CONSORT flow diagrams.Figure 1

CONSORT flow diagrams. Enrollment, follow-up, and analysis in the post-MI and stress-test cohorts.

Results

Repolarization is subject to low-frequency periodic modulations. We developed a technique to dynamically track repolarization dynamics and to quantify their periodic components. Details of the methodology are reported in Methods. Briefly, we used standard, high-resolution, surface ECG recorded in or converted to the orthogonal Frank lead configuration. As electrocardiographic repolarization is a phenomenon occurring in both space and time, we integrated the spatiotemporal information of each T-wave into a single vector, . We used the angle dT° between successive repolarization vectors as an estimate of the instantaneous repolarization instability (Figure 2, A–C). We observed characteristic low-frequency oscillations in dT° in health and disease (Figure 2D). In order to quantify these low-frequency (≤0.1 Hz) periodic patterns, we employed wavelet analysis (Figure 2E).

Assessment of PRD.Figure 2

Assessment of PRD. (A) Illustration of the weight-averaged vector of repolarization () for each T-wave from surface ECG recorded in the Frank leads configuration. (B) Three-dimensional visualization of successive vectors projected into virtual spheres. The angle dT° between successive repolarization vectors was used as an estimate of instantaneous repolarization instability. (C and D) The dT° signal exhibits characteristic low-frequency oscillations. C shows dT° values for beats #219-223, corresponding to the spheres in B. (E) Quantification of PRD using wavelet analysis. PRD was defined as the average wavelet coefficient corresponding to frequencies of 0.1 Hz or less.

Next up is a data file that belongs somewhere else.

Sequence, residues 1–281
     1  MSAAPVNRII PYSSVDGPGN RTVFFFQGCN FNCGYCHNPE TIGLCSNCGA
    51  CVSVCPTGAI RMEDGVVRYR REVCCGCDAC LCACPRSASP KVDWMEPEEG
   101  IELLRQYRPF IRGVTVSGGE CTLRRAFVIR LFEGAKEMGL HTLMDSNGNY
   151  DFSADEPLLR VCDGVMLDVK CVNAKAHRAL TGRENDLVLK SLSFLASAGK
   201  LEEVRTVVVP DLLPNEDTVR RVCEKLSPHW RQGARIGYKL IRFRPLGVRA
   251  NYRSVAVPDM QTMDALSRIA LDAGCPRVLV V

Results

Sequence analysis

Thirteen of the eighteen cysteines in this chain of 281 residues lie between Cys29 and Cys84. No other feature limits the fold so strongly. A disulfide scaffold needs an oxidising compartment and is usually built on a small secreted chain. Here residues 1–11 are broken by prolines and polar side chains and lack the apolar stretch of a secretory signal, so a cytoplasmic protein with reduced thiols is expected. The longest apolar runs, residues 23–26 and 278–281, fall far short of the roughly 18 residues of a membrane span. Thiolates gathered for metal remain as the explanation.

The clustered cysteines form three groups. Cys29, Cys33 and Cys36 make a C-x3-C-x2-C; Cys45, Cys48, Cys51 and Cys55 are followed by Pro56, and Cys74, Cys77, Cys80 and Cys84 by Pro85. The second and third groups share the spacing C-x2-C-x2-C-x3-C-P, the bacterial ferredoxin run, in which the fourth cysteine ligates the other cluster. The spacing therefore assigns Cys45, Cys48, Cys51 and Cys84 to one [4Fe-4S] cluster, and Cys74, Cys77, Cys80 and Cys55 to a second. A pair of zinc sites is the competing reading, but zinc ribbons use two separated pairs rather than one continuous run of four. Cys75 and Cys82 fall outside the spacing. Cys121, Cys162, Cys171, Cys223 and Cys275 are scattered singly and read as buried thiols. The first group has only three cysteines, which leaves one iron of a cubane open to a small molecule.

PRD is not an epiphenomenon of underlying heart rate variability. We tested whether PRD was present in the absence of heart rate variability (HRV). We studied 10 individuals (median age 52 [interquartile range (IQR) 32] years, 5 females), who underwent a clinically indicated electrophysiological (EP) study at our institution. Patient characteristics are provided in Methods. We compared 5-minute episodes of spontaneous sinus rhythm to 5-minute episodes during fixed atrial stimulation, which was set above the spontaneous heart rate. Fixed atrial pacing almost abolished HRV (P < 0.001; Supplemental Table 1; supplemental material available online with this article; doi: 10.1172/JCI70085DS1), but exerted only minimal, nonsignificant effects on PRD (ratio of PRD after provocation to PRD before provocation [PRD ratio] 0.75, 95% CI 0.50–1.17, P = 0.193; Figure 3A, Supplemental Figure 1A, and Supplemental Table 1).

Physiological and pharmacological provocations.Figure 3

Physiological and pharmacological provocations. Effects of fixed atrial stimulation (i), tilt-table testing (ii), exercise (iii), and pharmacological beta blockade (iv) on PRD. PRD ratio was plotted on a logarithmic axis and used to quantify the effect of each procedure.